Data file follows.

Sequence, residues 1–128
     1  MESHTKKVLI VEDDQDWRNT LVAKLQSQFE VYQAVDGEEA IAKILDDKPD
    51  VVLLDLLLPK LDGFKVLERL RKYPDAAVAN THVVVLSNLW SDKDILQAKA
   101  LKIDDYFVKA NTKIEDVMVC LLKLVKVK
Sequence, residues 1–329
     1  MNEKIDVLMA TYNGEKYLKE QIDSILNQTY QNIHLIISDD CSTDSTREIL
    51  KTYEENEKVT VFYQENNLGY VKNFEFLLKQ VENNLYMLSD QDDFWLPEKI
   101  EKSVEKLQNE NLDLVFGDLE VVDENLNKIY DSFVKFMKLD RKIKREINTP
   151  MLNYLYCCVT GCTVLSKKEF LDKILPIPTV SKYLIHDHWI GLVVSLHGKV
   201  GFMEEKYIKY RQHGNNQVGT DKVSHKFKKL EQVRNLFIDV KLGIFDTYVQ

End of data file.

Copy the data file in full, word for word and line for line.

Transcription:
Sequence, residues 1–128
     1  MESHTKKVLI VEDDQDWRNT LVAKLQSQFE VYQAVDGEEA IAKILDDKPD
    51  VVLLDLLLPK LDGFKVLERL RKYPDAAVAN THVVVLSNLW SDKDILQAKA
   101  LKIDDYFVKA NTKIEDVMVC LLKLVKVK
Sequence, residues 1–329
     1  MNEKIDVLMA TYNGEKYLKE QIDSILNQTY QNIHLIISDD CSTDSTREIL
    51  KTYEENEKVT VFYQENNLGY VKNFEFLLKQ VENNLYMLSD QDDFWLPEKI
   101  EKSVEKLQNE NLDLVFGDLE VVDENLNKIY DSFVKFMKLD RKIKREINTP
   151  MLNYLYCCVT GCTVLSKKEF LDKILPIPTV SKYLIHDHWI GLVVSLHGKV
   201  GFMEEKYIKY RQHGNNQVGT DKVSHKFKKL EQVRNLFIDV KLGIFDTYVQ